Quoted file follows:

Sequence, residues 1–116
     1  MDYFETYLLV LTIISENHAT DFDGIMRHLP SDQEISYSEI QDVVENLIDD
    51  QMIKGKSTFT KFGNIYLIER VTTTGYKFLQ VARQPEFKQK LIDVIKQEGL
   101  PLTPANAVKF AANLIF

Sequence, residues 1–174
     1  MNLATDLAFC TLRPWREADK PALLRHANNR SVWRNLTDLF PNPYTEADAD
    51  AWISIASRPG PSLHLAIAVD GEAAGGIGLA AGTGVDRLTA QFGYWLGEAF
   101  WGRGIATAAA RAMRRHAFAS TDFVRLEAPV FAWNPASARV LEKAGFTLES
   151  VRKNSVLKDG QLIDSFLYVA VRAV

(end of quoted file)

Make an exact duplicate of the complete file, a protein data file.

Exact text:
Sequence, residues 1–116
     1  MDYFETYLLV LTIISENHAT DFDGIMRHLP SDQEISYSEI QDVVENLIDD
    51  QMIKGKSTFT KFGNIYLIER VTTTGYKFLQ VARQPEFKQK LIDVIKQEGL
   101  PLTPANAVKF AANLIF

Sequence, residues 1–174
     1  MNLATDLAFC TLRPWREADK PALLRHANNR SVWRNLTDLF PNPYTEADAD
    51  AWISIASRPG PSLHLAIAVD GEAAGGIGLA AGTGVDRLTA QFGYWLGEAF
   101  WGRGIATAAA RAMRRHAFAS TDFVRLEAPV FAWNPASARV LEKAGFTLES
   151  VRKNSVLKDG QLIDSFLYVA VRAV